AYE – A Wearable device to reduce Vitamin A deficiencies in infants
AYE was created as a team project for The Wearables for Good Challenge (UNICEF, Arm, Frog).
“A global call-to-action to develop innovative, affordable solutions to make wearables and sensor technology a game-changer for women and children across the world. A challenge to design wearable and sensor technology that serves people in resource constrained environments. (source)”We started from the highlighted causes of The Millennium Development Goals (MDGs) and more specifically Goal 4: Reduce child mortality.
From there further research revealed a very critical area that is in dire need of innovation: “Vitamin A deficiency affects about 250 million preschool children in low-income countries that lead to the preventable blindness and other severe sicknesses. This unnecessary suffer can be stopped by the provision of high doses of vitamin A every 6 months until the age of 5 years (WHO, 2015).”
We decided to focus on creating a wearable that could address this issue.
The current process of vitamin delivery in low-income countries consists of a trained health-care workers providing vitamin A supplementation in steps to ensure health service standardization. The vitamin A is stored in a gelatin capsule that should be opened with a scissor and manually squeezed into the child’s mouth every 6 months.
We thought that there must be an easier way to deliver and most importantly re-deliver the vitamin A to the infants. We have also thought about a simple tool helping parents to initiate independent vitamin A supplementation to their babies without the guidance of the specialized personnel.
Aye is a one-unit pacifier that has a compartment where the gel capsule of the vitamin A can be inserted. The capsule will be naturally squeezed by the sucking movement allowing the content of the capsule slowly releasing into a child’s mouth. The pacifier AYE has also a potential to become a platform for the future unobtrusive delivery of any kind of required vitamin or medicine in a liquid oral form to the infants. Aye functions as a regular pacifier and additionally can deliver vitamin A orally in a soothing manner. It is an analog product but using the existing technology of a one-piece unit, this pacifier ensures that there are no cracks where dirt and bacteria can accumulate and is free of joints making it safe for the infants of an early age.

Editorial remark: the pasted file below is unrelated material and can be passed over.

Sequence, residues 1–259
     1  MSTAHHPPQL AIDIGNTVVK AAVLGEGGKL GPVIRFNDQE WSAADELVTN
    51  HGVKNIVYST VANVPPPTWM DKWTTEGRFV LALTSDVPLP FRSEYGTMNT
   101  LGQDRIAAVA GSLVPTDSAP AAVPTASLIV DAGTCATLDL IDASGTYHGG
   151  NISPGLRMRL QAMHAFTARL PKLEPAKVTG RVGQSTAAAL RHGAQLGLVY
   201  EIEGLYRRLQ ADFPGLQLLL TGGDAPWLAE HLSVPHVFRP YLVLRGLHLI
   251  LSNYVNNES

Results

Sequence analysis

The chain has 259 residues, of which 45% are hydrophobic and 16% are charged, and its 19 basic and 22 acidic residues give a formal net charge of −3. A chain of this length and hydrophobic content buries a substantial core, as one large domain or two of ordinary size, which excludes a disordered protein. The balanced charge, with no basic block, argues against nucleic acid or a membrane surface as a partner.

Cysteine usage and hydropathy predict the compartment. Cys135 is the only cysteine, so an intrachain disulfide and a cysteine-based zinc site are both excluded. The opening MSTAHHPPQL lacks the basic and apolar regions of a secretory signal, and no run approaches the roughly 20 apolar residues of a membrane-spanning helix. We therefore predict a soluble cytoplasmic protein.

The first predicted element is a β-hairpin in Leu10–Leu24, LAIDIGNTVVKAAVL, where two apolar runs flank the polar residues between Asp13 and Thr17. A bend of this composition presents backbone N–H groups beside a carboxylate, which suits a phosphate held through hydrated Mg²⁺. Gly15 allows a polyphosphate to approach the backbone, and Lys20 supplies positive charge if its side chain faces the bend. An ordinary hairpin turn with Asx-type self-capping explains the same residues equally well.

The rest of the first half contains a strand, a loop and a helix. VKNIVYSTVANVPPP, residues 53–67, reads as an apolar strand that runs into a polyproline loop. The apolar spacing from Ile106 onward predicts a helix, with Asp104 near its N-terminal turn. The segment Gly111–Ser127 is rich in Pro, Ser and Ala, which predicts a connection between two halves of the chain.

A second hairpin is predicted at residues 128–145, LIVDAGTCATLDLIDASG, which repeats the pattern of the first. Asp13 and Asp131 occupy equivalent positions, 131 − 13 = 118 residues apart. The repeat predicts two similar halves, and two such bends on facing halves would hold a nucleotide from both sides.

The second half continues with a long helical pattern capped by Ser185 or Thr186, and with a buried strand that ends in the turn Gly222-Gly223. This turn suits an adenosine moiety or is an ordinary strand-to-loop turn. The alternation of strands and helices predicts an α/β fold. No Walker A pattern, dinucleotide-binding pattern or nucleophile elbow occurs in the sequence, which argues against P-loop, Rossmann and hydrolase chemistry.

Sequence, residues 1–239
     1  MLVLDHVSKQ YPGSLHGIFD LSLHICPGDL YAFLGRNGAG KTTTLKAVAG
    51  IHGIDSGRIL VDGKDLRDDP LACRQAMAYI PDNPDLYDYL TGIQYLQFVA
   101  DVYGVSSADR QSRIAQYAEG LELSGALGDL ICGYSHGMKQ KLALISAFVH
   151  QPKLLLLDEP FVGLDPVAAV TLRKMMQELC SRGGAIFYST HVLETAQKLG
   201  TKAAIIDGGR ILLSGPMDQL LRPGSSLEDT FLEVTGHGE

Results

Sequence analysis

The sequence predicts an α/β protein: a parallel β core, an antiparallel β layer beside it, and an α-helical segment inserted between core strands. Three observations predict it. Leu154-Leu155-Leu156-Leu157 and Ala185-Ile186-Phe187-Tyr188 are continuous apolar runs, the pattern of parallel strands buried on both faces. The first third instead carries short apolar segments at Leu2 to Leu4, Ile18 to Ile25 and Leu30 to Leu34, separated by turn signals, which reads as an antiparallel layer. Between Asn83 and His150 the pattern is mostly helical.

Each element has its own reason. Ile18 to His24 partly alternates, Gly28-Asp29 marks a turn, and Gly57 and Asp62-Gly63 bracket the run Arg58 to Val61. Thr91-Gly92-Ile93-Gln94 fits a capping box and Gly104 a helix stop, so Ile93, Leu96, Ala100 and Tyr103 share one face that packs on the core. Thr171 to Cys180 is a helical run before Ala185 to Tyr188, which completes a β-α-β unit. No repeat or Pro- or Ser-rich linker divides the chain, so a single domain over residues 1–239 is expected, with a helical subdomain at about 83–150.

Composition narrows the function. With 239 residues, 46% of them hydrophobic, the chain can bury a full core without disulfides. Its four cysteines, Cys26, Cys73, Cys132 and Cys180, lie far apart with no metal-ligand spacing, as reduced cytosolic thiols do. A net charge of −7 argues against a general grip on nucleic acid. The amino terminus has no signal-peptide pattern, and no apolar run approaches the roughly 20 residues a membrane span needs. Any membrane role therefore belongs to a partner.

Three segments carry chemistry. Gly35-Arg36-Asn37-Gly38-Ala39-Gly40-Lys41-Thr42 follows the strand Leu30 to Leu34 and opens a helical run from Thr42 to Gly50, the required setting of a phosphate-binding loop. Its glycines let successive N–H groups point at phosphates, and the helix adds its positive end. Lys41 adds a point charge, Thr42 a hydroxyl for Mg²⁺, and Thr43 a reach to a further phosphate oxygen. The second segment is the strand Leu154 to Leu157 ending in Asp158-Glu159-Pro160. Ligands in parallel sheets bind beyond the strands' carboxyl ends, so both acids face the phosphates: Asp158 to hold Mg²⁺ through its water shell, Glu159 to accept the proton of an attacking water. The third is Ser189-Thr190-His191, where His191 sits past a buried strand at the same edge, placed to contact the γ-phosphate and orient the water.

Published: Unicef / INDEX: Award (nomination)
How does it work within the use case?
Because of the production cost of the pacifier and further distribution, in the long term cost can be reduced by minimising the amount of trained health workers. As administering vitamin A is a simple act that still should be performed by skilled health workers or any level of community worker with nominal training, the pacifier allows to transfer this responsibility to infants’ parents.
Who benefits from it?
The primal beneficiaries are infants and parents, the second are the organisations involved with the vitamin A delivery and in the long-term the countries that will benefit from the healthy young population.
Why does it help?
It provides the platform for the multi-dose delivery of vitamin A directly from the parents. Aye empowers the carers to initiate independent vitamin A supplementation without the professional assistant.Therefore, by utilising the current medical knowledge of supplementation it targets the delivery aspect. It creates the bottom-up approach and educates the carers to take initiative and be in control of their infants’ health with little or no supervision from the authorities.
Aye meets the following UNICEF Innovation’s design principles:
1. Design for Scale (employ local materials and a design that can be manufactured and distributed in scale).
2. Reuse and Improve (using and improving the current pacifiers models and vitamin A delivery).
3. Build for Sustainability (could be re-used and recycled at the end of the product circle).
It is an analog device that does not need any hardware or software to operate.
1.The manufacturing process in order to ensure the cost-effective and scalable approach in using a single-piece design.
2. The initial distribution of the device and ensuring accompanying model of the Vitamin A capsule delivery.
3. Educating parents and ensuring their participation and initiative in re-delivering the vitamin A.